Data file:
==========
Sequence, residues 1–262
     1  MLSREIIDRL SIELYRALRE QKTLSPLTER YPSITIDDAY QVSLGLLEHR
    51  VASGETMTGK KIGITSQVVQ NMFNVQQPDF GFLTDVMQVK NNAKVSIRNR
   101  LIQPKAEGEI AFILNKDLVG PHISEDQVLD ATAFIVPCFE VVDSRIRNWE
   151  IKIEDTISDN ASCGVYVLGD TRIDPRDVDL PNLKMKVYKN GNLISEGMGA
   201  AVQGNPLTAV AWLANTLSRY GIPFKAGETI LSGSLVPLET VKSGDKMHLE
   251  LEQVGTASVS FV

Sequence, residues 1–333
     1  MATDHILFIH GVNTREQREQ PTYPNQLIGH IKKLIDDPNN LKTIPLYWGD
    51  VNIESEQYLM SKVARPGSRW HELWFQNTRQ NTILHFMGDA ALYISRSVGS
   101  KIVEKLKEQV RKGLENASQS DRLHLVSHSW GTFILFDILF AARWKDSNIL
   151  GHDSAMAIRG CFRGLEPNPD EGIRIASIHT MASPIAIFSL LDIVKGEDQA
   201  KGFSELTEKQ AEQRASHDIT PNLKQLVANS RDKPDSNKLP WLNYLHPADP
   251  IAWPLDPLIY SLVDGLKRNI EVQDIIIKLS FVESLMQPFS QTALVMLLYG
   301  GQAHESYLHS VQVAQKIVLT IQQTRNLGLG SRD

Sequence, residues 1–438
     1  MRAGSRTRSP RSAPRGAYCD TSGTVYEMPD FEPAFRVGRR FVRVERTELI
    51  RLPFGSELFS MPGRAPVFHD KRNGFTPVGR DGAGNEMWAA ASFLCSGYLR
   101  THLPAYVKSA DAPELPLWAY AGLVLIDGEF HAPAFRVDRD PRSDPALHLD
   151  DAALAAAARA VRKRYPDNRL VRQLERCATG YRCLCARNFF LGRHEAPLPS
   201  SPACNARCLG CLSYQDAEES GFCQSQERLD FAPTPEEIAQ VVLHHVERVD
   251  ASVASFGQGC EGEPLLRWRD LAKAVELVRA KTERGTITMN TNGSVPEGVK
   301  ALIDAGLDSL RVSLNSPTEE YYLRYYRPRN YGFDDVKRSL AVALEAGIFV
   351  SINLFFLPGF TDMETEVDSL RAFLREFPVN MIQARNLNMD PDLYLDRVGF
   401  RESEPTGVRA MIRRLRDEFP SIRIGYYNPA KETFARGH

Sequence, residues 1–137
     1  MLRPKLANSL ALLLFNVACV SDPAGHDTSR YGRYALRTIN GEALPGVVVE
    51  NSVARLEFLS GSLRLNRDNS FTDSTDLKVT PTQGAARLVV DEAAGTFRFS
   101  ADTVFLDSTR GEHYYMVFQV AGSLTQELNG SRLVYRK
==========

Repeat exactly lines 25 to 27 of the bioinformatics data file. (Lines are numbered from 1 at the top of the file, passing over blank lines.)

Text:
   401  RESEPTGVRA MIRRLRDEFP SIRIGYYNPA KETFARGH

Sequence, residues 1–137
     1  MLRPKLANSL ALLLFNVACV SDPAGHDTSR YGRYALRTIN GEALPGVVVE